Stocks Mixed, Dollar Up as Korea Summit Underway: Markets Wrap

Publikuota: 2018-06-12
A TV screen shows a news report about the meeting between U.S. President Donald Trump and North Korea's leader Kim Jong Un at a media center for the summit, in Singapore June 12, 2018. REUTERS/Tyrone Siu     TPX IMAGES OF THE DAY
A TV screen shows a news report about the meeting between U.S. President Donald Trump and North Korea's leader Kim Jong Un at a media center for the summit, in Singapore June 12, 2018. REUTERS/Tyrone Siu TPX IMAGES OF THE DAY

Asian stocks traded mixed and the dollar rose as investors looked beyond weekend trade ructions to focus on the three major central bank meetings this week and the outcome of Tuesday’s historic summit between President Donald Trump and North Korea’s leader.

Equities from Tokyo to Sydney swung between gains and losses, struggling to establish any clear direction, as the meeting between Trump and Kim Jong Un got underway in Singapore. The yen trimmed losses as the greenback strengthened against its Group-of-10 peers and U.S. Treasury yields steadied. Earlier, the S&P 500 Index edged higher, though it gave up some gains just before the close. The pound extended a decline as Theresa May’s landmark Brexit legislation goes to Parliament. Oil recovered as cracks in a pipeline threatened Nigerian exports.

Investors are steeling themselves for geopolitical noise as the week picks up with Trump and Kim expressing optimism that the U.S. and North Korea can find a path toward peace. After the summit ends, traders will switch their focus to the views of the world’s biggest central banks. The Federal Reserve is expected to raise interest rates, while European Central Bank officials are poised to hold formal talks on ending its bond-buying program. The Bank of Japan meets Friday, with no change to policy expected.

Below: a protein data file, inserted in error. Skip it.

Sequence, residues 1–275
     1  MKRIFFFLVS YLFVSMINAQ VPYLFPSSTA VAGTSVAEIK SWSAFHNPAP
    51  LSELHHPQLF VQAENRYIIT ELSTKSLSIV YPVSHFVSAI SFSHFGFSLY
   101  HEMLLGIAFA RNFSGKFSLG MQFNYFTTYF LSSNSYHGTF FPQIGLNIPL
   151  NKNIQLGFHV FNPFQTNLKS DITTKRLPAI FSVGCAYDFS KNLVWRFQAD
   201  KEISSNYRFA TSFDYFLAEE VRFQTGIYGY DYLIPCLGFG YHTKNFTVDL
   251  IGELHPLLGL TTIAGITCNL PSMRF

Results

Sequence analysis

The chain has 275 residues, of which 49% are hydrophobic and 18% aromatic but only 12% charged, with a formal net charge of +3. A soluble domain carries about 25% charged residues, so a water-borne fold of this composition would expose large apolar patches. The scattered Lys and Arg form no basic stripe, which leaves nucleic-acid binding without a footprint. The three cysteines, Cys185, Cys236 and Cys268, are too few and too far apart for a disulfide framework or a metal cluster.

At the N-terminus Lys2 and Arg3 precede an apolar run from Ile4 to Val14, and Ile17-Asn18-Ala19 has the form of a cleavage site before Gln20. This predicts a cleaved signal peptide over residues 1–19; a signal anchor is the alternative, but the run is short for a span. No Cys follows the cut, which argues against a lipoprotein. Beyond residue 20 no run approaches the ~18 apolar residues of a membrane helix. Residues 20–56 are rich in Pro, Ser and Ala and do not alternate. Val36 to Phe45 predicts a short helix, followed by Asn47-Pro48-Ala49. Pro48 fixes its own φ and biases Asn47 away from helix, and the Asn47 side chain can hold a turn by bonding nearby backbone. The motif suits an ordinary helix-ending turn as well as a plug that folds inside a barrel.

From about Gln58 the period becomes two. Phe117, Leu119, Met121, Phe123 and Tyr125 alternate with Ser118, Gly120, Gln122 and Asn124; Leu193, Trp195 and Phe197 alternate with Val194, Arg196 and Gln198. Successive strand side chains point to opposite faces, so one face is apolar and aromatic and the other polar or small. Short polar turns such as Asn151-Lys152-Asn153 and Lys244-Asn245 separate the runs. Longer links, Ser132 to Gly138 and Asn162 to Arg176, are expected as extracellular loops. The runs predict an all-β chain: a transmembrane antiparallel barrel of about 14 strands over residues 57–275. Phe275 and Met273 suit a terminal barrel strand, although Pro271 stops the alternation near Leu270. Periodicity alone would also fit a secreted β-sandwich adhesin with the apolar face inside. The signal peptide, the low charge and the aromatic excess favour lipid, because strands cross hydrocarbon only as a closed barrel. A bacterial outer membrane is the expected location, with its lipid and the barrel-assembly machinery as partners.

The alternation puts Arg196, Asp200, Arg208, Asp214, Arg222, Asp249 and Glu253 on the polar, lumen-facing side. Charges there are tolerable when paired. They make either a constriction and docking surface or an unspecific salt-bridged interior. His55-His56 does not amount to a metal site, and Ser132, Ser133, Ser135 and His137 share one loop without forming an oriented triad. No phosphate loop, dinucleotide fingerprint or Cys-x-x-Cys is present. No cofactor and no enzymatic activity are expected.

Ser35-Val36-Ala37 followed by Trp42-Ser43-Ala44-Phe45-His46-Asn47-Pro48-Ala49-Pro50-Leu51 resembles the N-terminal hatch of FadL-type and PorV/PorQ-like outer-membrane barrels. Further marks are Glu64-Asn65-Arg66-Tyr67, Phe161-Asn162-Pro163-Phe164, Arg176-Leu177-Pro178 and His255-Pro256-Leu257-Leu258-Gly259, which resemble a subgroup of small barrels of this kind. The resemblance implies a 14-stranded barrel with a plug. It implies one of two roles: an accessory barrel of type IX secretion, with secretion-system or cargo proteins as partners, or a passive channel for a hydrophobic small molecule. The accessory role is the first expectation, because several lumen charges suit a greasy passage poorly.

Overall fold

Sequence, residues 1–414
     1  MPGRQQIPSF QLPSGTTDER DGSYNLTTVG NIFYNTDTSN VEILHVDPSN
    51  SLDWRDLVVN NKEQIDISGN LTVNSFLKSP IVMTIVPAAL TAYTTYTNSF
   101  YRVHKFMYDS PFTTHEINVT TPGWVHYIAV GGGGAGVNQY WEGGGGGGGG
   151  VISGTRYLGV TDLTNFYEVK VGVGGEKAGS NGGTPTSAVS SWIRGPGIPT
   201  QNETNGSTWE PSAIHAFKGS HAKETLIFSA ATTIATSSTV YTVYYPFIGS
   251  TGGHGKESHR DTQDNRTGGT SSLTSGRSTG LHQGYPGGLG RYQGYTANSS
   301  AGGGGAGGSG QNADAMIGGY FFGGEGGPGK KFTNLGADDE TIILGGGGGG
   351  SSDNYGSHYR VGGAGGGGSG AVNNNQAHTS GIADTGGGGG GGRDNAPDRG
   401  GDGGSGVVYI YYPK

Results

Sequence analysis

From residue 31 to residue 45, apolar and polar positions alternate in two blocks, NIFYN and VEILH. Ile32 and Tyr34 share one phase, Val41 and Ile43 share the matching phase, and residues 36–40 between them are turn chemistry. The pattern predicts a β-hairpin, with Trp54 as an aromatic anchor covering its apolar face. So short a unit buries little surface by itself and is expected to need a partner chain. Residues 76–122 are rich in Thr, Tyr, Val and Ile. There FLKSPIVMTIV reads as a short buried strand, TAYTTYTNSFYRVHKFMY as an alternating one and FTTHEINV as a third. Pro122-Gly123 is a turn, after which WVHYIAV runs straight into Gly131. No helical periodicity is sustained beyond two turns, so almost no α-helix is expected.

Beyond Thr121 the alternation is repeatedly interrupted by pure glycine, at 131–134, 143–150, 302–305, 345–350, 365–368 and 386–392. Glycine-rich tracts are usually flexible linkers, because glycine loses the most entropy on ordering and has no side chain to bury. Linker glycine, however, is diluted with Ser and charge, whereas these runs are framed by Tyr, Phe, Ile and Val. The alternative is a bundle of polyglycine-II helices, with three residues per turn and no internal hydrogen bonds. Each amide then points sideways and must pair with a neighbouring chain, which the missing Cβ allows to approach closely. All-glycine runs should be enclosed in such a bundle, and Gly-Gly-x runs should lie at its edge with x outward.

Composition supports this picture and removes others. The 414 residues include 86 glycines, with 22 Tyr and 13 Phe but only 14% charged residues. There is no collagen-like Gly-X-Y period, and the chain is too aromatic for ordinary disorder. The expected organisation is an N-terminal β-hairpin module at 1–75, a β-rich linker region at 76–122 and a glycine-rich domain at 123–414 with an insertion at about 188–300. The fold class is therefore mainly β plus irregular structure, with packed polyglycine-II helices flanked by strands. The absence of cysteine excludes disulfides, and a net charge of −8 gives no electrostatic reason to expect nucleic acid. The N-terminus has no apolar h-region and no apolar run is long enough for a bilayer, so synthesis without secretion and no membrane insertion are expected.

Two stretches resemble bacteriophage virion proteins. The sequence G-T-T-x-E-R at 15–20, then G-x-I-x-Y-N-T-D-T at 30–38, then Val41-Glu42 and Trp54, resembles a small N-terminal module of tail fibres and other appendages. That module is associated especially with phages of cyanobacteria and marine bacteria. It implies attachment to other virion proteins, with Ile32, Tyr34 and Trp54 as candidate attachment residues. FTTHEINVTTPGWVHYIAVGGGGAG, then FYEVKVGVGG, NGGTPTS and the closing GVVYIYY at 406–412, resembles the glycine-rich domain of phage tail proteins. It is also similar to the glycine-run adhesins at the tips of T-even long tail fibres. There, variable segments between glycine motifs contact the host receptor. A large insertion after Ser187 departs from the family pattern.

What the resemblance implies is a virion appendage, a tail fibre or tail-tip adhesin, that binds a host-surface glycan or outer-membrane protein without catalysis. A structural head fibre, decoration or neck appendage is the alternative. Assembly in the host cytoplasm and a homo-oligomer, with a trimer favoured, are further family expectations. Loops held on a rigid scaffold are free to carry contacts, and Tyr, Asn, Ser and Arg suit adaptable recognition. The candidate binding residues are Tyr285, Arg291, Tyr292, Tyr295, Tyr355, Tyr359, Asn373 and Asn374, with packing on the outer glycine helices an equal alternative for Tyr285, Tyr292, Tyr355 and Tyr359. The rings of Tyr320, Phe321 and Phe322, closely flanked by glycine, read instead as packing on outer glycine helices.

“From investors’ point of view, we don’t have huge expectations for this meeting because it’s very difficult to predict what will happen,” Goohoon Kwon, co-head of Korea research and senior Asia economist at Goldman Sachs Group Inc. told Bloomberg Television. “Despite the historic event, the markets haven’t moved much because they’ve already discounted the risk of military conflict. Going forward, there could be some upside, but nonetheless that’s subject to the outcome of this summit, which is quite unpredictable, but also more importantly, follow through, execution, implementation.”

Meanwhile, Trump’s top economic adviser, Larry Kudlow, was “doing well” on Monday night after suffering a heart attack, a White House spokeswoman said.

These are some key events to watch this week:

President Donald Trump and North Korean leader Kim Jong Un’s meeting in Singapore Tuesday, which will be late Monday in New York, marks the first face-to-face encounter between a sitting U.S. president and a leader of North Korea U.K. Prime Minister Theresa May faces votes that could derail her Brexit policy, also Tuesday The Federal Reserve is expected to raise interest rates Wednesday as the U.S. economy remains solid The European Central Bank rates decision comes Thursday with a briefing from President Mario Draghi The Bank of Japan June monetary policy decision and news conference is Friday FIFA expects more than 3 billion viewers for the World Cup that begins this week in Russia.

And these are the main moves in markets: Stocks

Topix index rose 0.3 percent as of 12:54 p.m. in Tokyo. Kospi index fell 0.2 percent. Hang Seng Index rose 0.2 percent. Australia’s S&P/ASX 200 Index added 0.2 percent. Futures on the S&P 500 Index were flat. The MSCI Asia Pacific Index was little changed.


The Bloomberg Dollar Spot Index rose 0.1 percent. The Japanese yen fell 0.2 percent to 110.29 per dollar. The euro fell 0.2 percent to $1.1765. The pound fell 0.1 percent to $1.3361.


The yield on 10-year Treasuries was steady at 2.95 percent. Australia’s 10-year yield rose two basis points to 2.80 percent.


West Texas Intermediate crude rose 0.1 percent to $66.16 a barrel. Gold declined 0.2 percent to $1,297.53 an ounce. LME copper fell 0.5 percent to $7,220.50 per metric ton.

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